Conservative Home: “Policy Exchange, with its Judicial Power Project, is setting the pace. Others need to keep up.”
Recent controversy on judging the legality of Brexit and the role the media should play in holding the judiciary to account was at the centre of Policy Exchange’s seminar held Monday with Rt Hon Lord Hope KT, Rt Hon Lord Howard QC CH, Charles Moore, and Joshua Rozenberg.
The panel debated media scrutiny of the judiciary, the controversial comments made in Malaysia by Rt Hon Lady Hale of the Supreme Court, the handling of the media’s response to the Miller case by Rt Hon Liz Truss MP, and the tweeting of Lady Neuberger, wife of the President of the Supreme Court.
Following the event, The Daily Telegraph reported on Lord Howard’s comments in defence of media scrutiny of the judiciary. Lord Howard said, ‘The fact that the judiciary is not in any conventional sense accountable to anyone makes it all the more important that it should not in any sense be immune from criticism, however robust.’
The Guardian focused instead on the defence of the judiciary made by Lord Hope, describing the event with the words: ‘Supreme Court’s former deputy Lord Hope makes forceful defence of justices ahead of next week’s article 50 appeal hearing.’ Lord Hope had argued on the panel that the ‘wounding’ attacks on judges were ‘bad for democracy’. The Guardian also reported Charles Moore’s criticism of Supreme Court judges for a lack of diversity, in particular that ‘the great majority of judges are very pro-human rights and pro-Europe.’ At Policy Exchange, Moore had asked: ‘Is there enough diversity of opinion on the Supreme Court? They should be independent of one another — or is it group think?’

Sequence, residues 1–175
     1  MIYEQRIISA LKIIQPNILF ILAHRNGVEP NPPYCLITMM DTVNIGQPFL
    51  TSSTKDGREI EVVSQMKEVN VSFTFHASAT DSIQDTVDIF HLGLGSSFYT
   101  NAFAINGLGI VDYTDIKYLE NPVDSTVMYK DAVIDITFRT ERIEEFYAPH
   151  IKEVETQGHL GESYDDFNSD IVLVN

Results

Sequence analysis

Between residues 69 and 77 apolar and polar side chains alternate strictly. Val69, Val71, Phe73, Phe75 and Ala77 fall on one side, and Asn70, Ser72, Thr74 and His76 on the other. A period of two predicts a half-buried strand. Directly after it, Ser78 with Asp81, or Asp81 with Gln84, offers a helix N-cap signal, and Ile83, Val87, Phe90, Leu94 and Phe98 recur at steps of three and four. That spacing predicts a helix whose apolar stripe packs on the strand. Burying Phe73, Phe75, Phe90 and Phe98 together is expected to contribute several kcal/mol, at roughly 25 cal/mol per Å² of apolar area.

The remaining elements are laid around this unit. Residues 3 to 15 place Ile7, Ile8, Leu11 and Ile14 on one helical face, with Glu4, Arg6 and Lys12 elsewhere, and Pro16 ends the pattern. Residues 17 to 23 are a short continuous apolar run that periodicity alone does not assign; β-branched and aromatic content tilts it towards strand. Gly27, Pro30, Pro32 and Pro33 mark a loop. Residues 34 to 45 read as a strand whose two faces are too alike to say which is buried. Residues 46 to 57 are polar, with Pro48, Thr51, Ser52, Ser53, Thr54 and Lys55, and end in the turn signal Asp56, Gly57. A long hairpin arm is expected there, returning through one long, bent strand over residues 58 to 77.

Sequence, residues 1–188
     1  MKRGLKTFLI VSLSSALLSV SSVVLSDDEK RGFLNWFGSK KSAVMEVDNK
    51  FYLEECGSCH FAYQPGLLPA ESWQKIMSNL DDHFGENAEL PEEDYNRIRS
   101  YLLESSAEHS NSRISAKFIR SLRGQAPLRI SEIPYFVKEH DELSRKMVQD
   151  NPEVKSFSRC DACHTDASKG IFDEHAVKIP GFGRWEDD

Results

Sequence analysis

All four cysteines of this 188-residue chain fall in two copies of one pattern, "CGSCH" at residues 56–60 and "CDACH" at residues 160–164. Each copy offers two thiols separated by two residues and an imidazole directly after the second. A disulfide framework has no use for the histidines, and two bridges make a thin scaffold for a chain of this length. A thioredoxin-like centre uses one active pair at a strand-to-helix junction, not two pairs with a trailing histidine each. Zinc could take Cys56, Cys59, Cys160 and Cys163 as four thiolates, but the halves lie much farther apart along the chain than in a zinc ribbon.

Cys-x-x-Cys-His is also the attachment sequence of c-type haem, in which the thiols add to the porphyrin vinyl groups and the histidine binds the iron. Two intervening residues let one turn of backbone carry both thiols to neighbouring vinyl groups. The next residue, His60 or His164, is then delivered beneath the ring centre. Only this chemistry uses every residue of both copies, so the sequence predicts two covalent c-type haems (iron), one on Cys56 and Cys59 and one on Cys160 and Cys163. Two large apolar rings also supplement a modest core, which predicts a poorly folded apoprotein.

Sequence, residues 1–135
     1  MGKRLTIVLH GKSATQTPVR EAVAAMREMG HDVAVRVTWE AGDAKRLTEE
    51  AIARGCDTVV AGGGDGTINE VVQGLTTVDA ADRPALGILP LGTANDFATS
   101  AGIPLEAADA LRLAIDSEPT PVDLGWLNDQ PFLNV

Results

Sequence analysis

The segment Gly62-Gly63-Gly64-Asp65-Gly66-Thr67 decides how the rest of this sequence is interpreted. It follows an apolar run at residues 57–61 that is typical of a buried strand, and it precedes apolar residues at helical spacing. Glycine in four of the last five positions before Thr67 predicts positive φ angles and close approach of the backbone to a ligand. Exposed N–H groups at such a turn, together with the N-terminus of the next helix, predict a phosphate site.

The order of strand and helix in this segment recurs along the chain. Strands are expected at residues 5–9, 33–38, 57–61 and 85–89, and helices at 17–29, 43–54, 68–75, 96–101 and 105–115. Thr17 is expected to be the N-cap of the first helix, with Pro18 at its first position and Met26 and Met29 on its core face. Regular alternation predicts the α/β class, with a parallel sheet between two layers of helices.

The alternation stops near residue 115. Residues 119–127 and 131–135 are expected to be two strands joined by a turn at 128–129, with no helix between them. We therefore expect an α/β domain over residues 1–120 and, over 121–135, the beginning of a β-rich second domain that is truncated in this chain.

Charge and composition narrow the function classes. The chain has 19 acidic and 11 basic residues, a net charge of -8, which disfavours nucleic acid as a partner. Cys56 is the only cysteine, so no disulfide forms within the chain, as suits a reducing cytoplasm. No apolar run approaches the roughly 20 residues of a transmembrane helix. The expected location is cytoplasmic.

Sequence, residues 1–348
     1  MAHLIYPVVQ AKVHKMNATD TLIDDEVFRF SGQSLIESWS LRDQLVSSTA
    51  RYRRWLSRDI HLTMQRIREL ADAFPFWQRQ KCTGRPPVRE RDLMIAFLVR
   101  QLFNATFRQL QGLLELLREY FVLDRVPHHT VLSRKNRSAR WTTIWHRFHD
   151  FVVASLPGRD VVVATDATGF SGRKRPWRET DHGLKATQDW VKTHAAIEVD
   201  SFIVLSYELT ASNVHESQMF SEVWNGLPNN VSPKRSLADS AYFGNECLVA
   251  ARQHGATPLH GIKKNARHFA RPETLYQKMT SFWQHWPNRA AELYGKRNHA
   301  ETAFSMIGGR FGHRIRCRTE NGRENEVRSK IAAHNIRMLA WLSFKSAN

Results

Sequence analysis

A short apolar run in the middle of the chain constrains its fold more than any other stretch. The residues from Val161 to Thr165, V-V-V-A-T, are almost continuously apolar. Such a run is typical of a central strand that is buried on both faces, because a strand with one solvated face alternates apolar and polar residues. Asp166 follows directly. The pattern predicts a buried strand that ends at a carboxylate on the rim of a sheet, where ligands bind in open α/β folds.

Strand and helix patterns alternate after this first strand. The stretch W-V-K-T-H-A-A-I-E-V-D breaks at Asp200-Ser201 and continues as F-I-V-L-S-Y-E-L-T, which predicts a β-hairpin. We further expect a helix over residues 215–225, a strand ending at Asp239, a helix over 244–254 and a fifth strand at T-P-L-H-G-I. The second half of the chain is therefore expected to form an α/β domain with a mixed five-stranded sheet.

The Daily Mail, which has been at the centre of controversy over the extent to which judges should be criticised, described the event with the headline: ‘Michael Howard offers heartfelt defence of the Press and tells judges to toughen up’. The former Leader of the Conservative Party described how there was a danger the judiciary were involved in a ‘grab for power’, and that a free media was a necessary means to prevent this. Lord Howard remarked, ‘I don’t often quote with approval the president of the European Court of Justice, but he said in an interview – “if you can’t stand the heat, get out of the kitchen”. I think that is a maxim that we should all take to heart.’
For Conservative Home, Henry Hill explained that the panel discussion was split between ‘two unofficial “sides”, with Lord Howard and Charles Moore on the one and Lord Hope and Joshua Rozenberg on the other.’ A key point of contention was that in Lord Howard’s experience, ‘judges tend to be personally disposed towards the European model of judicial governance and against executive power’, with the danger that this ‘creates a “mindset” which leads to the interpretation of statute in ways not intended by Parliament.’ Paul Goodman also wrote on the event, arguing that judges are in danger of losing touch with the common law tradition, and describing Policy Exchange’s Judicial Power Project as therefore ‘setting the pace’ in tracking this trend, for which ‘others need to keep up’.
The Sun framed the Policy Exchange event as asking the question of who is to have the last word in our democracy. As Lord Howard remarked: ‘Is it to be our elected representatives in Parliament, accountable to voters, or is it to be the judges, accountable to no one?’
A video of the event is available here.